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Spring has been about "all that jazz" for more than a quarter century at Valparaiso University. And Jazz Studies coordinator Jeffrey Brown has been involved since the first note was played.

It was Brown's idea to start what is now the Midwest's largest noncompetitive jazz event. The day-and-a-half event has grown to a six-day music gala. The 26th VU Jazz Festival runs from April 11 through April 16.

Back in 1985, Brown, then the Jazz Ensemble director, envisioned a showcase for his students.

"It's grown far beyond being just a campus thing. This festival reaches out and embraces and involves the entire region," he said.

That community support has helped the fest defy economic hardships, as many area businesses owned by jazz enthusiasts comprise the "Friends of Jazz," major supporters of the VU Jazz Fest.

"VU has an extensive music program. Where else can a Bach Institute and a jazz festival share a common audience? It has been my goal since the very beginning to make the jazz festival noncategorical. Over the years we have presented all the different flavors of jazz and that is something we are very proud of," Brown said.

Over the years, top jazz names - Marian McPartland, Charles Mingus Big Band, Patti Austin, Maynard Ferguson, The Yellowjackets, Ernie Watts, Randy Brecker, The Ellington Dynasty, Dee Dee Bridgewater, Red Rodney - have been brought to the region for memorable performances.

Yet in all that time, one of the greatest living jazzers of them all, though a lifelong resident of Chicago, has never made to the festival. Until now.

Three-time Grammy winner Ramsey Lewis will bring his internationally famous trio to close out this year's fest April 16. The Chicago great's set is sure to include "The In Crowd" and other hits spanning his decades-long, gold record-strewn career. Drummer Charles Heath and bassist Joshua Ramos round out his trio.

"Being from Chicago, Ramsey Lewis has made numerous appearances in the region throughout the years, but this is his first appearance at the VU Jazz Festival," Brown said.

Brown's excitement is compounded by Lewis' upcoming special on WTTW-Channel 11. Tune in 9 p.m. April 14 to witness what the jazz legend regards as his masterpiece, "Proclamation of Hope."

The 90-minute symphonic tribute to Abraham Lincoln features Lewis and a 22-piece orchestra. It was recorded last November at the F. Kennedy Center for the Performing Arts in Washington, D.C.

Lewis debuted "Hope" at Ravinia Festival in 2009 as part of the venue's celebration of the Lincoln bicentennial. His eight-movement piece draws upon jazz, blues and gospel.

No stranger to PBS, the acclaimed pianist also hosted WTTW's 13-week public television series, "Legends Of Jazz with Ramsey Lewis."

Brown expects media attention for the PBS broadcast to sell even more seats for Lewis' VU concert.

"I don't know if Ramsey will be playing straight through or take an intermission, but there is no opening act, so don't be late," warned Brown.

While the biggest buzz is about Lewis coming, there are plenty of other artists and evenings leading up to his 8 p.m. show.

As has been tradition over the years, the festival will open with two free nights of music April 11 and 12, showcasing the talents of several jazz bands from area schools.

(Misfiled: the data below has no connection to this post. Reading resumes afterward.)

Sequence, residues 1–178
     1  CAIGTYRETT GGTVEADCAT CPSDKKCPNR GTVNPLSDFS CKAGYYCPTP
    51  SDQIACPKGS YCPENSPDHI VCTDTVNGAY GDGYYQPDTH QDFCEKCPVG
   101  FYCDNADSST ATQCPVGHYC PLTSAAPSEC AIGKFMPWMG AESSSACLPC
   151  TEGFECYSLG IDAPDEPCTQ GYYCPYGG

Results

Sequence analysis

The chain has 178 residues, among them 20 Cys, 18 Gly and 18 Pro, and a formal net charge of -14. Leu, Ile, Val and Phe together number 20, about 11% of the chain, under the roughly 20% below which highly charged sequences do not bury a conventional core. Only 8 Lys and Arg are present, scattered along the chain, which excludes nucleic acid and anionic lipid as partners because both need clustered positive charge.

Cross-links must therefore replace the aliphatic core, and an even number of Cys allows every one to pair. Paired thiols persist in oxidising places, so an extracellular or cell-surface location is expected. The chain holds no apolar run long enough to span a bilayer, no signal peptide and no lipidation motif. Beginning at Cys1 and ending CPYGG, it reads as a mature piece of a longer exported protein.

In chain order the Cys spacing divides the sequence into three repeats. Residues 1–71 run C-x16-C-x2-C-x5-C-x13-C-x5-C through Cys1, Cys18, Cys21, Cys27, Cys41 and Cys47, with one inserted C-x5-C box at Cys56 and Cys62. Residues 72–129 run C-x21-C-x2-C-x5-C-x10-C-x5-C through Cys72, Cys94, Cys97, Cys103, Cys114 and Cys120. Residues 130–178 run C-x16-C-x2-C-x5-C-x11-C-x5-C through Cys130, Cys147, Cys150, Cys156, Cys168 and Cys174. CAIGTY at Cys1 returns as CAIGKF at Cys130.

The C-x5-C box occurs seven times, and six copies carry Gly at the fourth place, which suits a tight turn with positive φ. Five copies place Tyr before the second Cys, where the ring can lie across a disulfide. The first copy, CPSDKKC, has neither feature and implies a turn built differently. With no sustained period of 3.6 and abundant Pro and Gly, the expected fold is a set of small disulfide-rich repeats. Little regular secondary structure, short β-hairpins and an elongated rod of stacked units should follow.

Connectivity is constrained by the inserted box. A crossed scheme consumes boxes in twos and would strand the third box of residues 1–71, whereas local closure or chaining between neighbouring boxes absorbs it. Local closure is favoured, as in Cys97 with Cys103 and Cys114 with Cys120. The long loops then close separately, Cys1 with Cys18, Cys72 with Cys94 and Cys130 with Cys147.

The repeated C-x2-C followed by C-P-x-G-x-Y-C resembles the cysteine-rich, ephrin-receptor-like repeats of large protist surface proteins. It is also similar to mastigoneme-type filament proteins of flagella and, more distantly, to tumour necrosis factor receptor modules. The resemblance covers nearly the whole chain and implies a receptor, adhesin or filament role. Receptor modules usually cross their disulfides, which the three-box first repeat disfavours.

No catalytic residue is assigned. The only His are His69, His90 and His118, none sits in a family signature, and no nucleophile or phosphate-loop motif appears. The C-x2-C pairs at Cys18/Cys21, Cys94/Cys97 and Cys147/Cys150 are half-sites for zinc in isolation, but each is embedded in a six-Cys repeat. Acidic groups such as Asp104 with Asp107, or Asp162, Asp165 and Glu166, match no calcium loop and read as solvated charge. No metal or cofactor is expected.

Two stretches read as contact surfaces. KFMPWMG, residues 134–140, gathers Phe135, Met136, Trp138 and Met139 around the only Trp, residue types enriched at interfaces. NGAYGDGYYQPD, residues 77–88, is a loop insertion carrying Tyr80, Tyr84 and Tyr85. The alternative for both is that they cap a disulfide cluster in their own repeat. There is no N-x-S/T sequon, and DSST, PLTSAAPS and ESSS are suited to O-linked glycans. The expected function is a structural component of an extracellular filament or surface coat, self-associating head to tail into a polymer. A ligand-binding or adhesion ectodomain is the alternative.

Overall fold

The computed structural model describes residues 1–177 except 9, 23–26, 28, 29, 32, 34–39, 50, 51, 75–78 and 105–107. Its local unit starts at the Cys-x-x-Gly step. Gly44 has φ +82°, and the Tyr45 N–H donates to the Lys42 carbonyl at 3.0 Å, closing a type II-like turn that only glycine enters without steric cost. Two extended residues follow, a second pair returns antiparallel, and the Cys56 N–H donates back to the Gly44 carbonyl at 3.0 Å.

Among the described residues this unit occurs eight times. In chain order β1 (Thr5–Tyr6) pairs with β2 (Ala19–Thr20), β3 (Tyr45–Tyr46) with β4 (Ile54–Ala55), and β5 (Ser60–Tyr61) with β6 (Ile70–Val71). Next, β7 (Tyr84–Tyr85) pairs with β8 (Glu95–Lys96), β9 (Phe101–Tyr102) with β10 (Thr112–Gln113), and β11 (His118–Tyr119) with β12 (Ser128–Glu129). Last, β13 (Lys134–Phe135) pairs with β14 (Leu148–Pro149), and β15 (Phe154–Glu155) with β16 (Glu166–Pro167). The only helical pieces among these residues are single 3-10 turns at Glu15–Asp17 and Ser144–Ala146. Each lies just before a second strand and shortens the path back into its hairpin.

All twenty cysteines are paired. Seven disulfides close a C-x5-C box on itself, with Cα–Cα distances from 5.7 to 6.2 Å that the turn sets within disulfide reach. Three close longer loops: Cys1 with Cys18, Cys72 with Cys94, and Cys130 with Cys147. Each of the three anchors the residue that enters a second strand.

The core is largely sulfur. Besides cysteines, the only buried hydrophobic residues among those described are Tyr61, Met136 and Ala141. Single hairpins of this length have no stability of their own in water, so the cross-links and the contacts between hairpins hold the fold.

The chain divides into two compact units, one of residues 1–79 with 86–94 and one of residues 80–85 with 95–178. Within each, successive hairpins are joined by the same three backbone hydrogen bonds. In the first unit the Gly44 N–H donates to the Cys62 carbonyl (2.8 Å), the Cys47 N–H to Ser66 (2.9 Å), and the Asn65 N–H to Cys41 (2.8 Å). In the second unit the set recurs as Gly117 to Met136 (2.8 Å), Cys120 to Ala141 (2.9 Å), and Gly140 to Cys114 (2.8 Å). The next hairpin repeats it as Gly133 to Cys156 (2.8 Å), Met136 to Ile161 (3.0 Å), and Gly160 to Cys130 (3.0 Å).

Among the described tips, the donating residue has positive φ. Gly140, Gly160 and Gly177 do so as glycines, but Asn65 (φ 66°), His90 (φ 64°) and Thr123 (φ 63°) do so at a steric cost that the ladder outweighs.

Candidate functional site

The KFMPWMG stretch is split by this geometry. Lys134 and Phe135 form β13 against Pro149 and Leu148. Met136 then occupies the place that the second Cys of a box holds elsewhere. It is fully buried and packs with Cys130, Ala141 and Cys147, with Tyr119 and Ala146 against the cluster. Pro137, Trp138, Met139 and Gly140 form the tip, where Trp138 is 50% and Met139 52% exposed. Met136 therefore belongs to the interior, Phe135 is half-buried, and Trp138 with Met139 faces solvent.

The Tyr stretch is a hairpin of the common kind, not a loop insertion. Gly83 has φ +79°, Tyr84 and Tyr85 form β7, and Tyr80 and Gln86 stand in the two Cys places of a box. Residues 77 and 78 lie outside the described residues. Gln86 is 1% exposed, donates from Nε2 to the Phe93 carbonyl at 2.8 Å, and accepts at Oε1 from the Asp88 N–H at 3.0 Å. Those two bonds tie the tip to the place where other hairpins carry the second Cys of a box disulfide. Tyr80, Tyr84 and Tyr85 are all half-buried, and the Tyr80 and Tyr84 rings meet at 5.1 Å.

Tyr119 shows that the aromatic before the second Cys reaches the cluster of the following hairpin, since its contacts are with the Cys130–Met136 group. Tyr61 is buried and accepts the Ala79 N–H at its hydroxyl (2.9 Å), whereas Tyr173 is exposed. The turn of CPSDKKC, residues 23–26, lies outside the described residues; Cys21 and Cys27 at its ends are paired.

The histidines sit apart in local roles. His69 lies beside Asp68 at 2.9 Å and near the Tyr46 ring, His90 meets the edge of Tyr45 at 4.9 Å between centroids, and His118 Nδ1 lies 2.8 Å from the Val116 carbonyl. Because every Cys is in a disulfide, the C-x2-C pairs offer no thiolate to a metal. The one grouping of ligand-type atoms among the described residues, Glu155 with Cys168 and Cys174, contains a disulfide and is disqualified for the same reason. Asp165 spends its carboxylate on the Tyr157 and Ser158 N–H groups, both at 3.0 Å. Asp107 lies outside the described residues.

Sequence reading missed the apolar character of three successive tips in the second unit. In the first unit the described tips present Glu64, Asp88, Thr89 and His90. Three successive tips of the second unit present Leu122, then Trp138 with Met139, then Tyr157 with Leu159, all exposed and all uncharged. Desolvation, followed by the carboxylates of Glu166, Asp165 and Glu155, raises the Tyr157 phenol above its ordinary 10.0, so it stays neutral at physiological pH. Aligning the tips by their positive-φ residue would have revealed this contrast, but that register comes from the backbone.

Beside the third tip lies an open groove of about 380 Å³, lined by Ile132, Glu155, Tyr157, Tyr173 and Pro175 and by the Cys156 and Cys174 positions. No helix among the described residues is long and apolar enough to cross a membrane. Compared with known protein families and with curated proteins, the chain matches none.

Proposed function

"One of our goals has always been to offer the visiting ensembles the opportunity to perform amongst their peers in a professional setting for the mere joy of sharing the music," Brown said.

"This year we have Hobart Middle School, Hobart High School, Valparaiso High School, Chesterton High School, Indiana University South Bend Ensemble, Gary Emerson High School, Portage High School, Crown Point High School, and of course, the Valparaiso University Jazz Ensemble," Brown said.

"This semester the ensemble has 19 students," said Brown. "Five trumpets, five trombones, five saxophones, two pianists, bass and drums. It is comprised of undergraduate university students representing various majors. There are students in the ensemble that are future engineers, nurses, doctors, teachers, computer analysts and  meteorologists."

The VU Jazz Ensemble will also perform April 14 with special guest, trombonist Vincent Gardner.

"Vincent grew up in South Holland, Ill. He comes from a family of teachers. His father (Burgess Gardner) is a very well respected jazz musician/educator in the Chicagoland area. Vincent is one of the most respected trombonists in New York and is currently working a lot with Wynton Marsalis," said Brown, who, as one third of the VU Jazz Faculty Trio, will have Gardner guest with them for their April 15 performance. Along with Brown on drums, the trio features bassist Bruce Evans and pianist Billy Foster.

"The Faculty Jazz Trio has performed together for more than 30 years and we've performed at every one of the festivals over the years," Brown said. Their first album, "For The Moment," came out last year.

New to the fest line-up this year is the Tia Fuller Quartet on April 13. Saxophonist Fuller hails from Colorado originally, but relocated a decade ago to Jersey City, where she has wailed her way into the hearts of East Coast jazz fans.

While jazz was all the rage on campuses in the 1940s and 1950s, today's typical college student is likely to be more into John Mayer, Dave Matthews or Umphrey's McGee.

Yet, despite this, Brown said many students at VU follow jazz.

"Granted, they like other music as well, but, since the ensemble gets out and performs in both traditional and nontraditional settings, students have an opportunity to be exposed to the various styles associated with jazz," he said.

"I've said for many years, that I think that the jazz festival is one of the only performance vehicles the university has that reaches out and embraces the entire region. Our demographic is very broad based," he said.